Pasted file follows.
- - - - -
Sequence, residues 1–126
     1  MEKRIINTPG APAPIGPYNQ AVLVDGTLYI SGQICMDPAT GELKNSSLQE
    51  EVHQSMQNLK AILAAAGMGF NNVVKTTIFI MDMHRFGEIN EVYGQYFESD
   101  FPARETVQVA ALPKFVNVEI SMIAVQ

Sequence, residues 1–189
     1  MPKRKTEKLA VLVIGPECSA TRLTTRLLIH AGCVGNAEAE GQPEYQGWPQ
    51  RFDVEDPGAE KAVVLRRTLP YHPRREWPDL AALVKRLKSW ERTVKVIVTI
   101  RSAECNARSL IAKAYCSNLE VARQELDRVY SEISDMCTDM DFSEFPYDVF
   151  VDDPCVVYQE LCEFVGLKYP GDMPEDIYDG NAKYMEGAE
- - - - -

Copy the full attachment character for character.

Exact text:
Sequence, residues 1–126
     1  MEKRIINTPG APAPIGPYNQ AVLVDGTLYI SGQICMDPAT GELKNSSLQE
    51  EVHQSMQNLK AILAAAGMGF NNVVKTTIFI MDMHRFGEIN EVYGQYFESD
   101  FPARETVQVA ALPKFVNVEI SMIAVQ

Sequence, residues 1–189
     1  MPKRKTEKLA VLVIGPECSA TRLTTRLLIH AGCVGNAEAE GQPEYQGWPQ
    51  RFDVEDPGAE KAVVLRRTLP YHPRREWPDL AALVKRLKSW ERTVKVIVTI
   101  RSAECNARSL IAKAYCSNLE VARQELDRVY SEISDMCTDM DFSEFPYDVF
   151  VDDPCVVYQE LCEFVGLKYP GDMPEDIYDG NAKYMEGAE